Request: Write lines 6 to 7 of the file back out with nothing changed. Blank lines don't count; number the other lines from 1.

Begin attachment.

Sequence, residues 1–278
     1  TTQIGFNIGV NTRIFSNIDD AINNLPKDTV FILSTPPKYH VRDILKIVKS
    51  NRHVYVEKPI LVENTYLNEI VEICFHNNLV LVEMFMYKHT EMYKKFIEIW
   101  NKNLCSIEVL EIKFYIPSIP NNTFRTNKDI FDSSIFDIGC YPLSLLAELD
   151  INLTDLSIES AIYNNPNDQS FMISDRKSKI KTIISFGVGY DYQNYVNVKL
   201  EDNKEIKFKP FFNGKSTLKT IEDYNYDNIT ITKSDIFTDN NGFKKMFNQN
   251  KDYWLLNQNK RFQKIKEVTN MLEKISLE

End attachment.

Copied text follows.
   201  EDNKEIKFKP FFNGKSTLKT IEDYNYDNIT ITKSDIFTDN NGFKKMFNQN
   251  KDYWLLNQNK RFQKIKEVTN MLEKISLE